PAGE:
The Zero Consumer

The focus for brands over the past number of years, has been on the Millennial and Generation Z communities. Millennials are those born between 1981 and 1996, and Generation Z was born between the mid to late-1990’s and 2010. In 2021, these two consumer groups accounted for over 38% of the Canadian population (M:21%, Gen Z: 17.6%) [1]. Both have had a strong influence on the food sector, including but not limited to:

  1. Food transparency.
  2. Emergence of the Vegan and Vegetarian consumer.
  3. Evolution of the organic sector.

With the emergence of the plant-based movement, we were introduced to the flexitarian consumer whose diet includes a high proportion of plant-based foods while still eating small amounts of meat and other animal products. In 2022, 47% of Americans identified themselves as such.[2]  Yet, there is a new consumer brands must now relate to – the Zero Consumer!

The Zero Consumer, Food Distribution Guy, Toronto, ON

Who is the Zero Consumer?

The majority of zero consumers seem to be Gen Z and Millennials. I would suggest based on their shared characteristics; that they represent the younger generations of both groups. They are omni-channel shoppers (consumers who use online and in-store shopping for groceries).

They share the following characteristics:

  1. Influenced by social media, celebrities, and content.
  2. Move through different channels to make a purchase.
  3. They try to save money or are willing to spend more for what they want (i.e., clothing, travel, restaurants).
  4. They are not brand loyal.
  5. They are turning to brands that offer sustainable, yet affordable products.[3]

What Makes the Zero Consumer Different?

The following 4 characteristics set zero consumers apart from the Consumers of the past:[4]

  1. Zero Boundaries: They demand the physical experience – they want retailers’ physical and digital offerings to be consistent and seamless.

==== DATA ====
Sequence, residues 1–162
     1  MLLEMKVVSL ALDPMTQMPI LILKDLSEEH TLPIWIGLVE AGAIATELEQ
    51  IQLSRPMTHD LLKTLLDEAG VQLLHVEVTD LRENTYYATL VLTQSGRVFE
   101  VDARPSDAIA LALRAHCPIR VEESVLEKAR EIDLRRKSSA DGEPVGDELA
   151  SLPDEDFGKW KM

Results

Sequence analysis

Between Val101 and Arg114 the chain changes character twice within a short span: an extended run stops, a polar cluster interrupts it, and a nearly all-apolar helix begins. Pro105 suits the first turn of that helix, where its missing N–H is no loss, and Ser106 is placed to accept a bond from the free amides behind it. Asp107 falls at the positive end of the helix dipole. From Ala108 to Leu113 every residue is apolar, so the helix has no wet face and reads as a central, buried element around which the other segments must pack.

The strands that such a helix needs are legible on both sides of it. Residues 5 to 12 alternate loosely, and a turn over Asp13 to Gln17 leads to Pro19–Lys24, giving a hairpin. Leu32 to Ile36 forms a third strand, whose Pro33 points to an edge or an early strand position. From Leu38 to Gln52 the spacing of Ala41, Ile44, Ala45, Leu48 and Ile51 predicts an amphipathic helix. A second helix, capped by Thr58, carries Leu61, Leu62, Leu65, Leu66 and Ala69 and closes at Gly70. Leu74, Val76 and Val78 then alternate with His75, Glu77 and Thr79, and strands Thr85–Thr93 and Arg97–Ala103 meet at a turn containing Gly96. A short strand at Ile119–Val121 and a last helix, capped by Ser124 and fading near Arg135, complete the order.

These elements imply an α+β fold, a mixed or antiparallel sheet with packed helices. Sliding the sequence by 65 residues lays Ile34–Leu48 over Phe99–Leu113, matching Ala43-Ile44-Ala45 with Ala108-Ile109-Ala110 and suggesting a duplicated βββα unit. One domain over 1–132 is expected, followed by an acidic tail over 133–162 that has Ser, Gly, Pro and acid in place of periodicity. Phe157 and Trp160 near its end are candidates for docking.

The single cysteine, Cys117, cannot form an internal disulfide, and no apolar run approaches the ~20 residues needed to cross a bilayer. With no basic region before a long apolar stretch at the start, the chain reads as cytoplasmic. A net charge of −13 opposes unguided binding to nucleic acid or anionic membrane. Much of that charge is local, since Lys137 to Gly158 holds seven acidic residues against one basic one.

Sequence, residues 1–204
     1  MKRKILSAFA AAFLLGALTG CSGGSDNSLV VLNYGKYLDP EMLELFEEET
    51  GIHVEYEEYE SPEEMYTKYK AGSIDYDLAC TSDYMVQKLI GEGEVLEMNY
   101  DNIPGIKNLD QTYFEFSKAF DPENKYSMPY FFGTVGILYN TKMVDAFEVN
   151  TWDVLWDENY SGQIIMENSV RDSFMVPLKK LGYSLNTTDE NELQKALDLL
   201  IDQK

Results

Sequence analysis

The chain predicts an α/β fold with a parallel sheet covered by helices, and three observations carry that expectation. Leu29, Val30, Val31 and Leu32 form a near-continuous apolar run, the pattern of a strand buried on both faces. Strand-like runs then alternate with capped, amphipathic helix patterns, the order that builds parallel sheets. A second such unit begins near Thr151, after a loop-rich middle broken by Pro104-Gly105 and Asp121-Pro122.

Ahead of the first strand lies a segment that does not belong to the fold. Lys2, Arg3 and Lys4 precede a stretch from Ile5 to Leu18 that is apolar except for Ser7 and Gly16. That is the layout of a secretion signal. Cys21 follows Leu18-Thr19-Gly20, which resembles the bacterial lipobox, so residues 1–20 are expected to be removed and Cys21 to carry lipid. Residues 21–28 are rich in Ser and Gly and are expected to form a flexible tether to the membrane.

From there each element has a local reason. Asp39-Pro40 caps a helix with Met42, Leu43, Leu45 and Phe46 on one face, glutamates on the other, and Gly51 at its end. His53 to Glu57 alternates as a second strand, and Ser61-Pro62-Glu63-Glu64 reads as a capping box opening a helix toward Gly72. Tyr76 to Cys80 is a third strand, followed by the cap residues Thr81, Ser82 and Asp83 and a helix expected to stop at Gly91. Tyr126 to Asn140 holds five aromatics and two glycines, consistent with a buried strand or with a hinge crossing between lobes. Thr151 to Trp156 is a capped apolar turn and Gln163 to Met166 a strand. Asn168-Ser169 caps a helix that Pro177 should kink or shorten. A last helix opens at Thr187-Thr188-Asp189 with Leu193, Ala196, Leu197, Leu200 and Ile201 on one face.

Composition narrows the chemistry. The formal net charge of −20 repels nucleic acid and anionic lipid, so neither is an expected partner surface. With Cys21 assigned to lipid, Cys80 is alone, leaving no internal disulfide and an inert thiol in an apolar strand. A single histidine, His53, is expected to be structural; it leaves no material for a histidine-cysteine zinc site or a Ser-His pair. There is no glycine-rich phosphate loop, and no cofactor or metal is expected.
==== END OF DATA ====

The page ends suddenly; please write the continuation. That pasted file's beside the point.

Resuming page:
2. Zero Midrange: They scrimp and splurge. This scrimp-and-splurge behavior puts pressure on mid-priced brands as consumers flock to either cheaper or more premium brands.
  3. Zero Loyalty: If your brand is out of stock, many will try new brands.
  4. Net Zero: They care about transparency, health, and sustainability.
  5. Zero Patience: They have no patience. They will not wait. If you cannot deliver at their speed, they will find another company that will.

Why Does the Zero Consumer Matter to Smaller Brands?

In the United States, the combined purchasing power of Millennials and Gen Z is estimated at $165B,[5] and that is before you factor in the influence that Gen Z members have on their Generation X parents. They have grown up tech-savvy, living through the evolution of life-changing innovation. The Zero Consumer is part of this purchasing power. The majority of them do not trust large corporations, only 42% of Gen Z and 50%      of Millennials trust large corporations,[6] and 90% of this group are making an effort to reduce their impact on the environment.[7]

Food Distribution Guy’s 3 Brand Strategies – Sales Perspective

  1. Zero consumers are omni-channel shoppers. Brands require a multi-channel strategy, including retailers’ online platform, and Amazon.
  2. Zero consumers are inclined to scrimp, especially on food. Brands require an extremely competitive retail, coupled with consistently high-quality products.
  3. Zero consumers care about sustainability and personalization. Brands need to earn their trust and demonstrate they care about people and the planet. Personalized messaging through social media, on-line content, and an in-store experience are the keys to success.


[1] A Brief Portrait of Canada’s Aging Population,

[2] Flexitarianism Going Mainstream,, June 2022

[3] Zero Consumers: What They Want and Why It Matters,, October 2023

[4] Zero Consumers: What They Want and Why It Matters,, October 2023

[5] The Purchasing Power of Millennials and Generation Z,,

[6] Gen Z Doesn’t Trust Big Business,, November 2021

[7] Striving for Balance, Advocating for Change,, 2022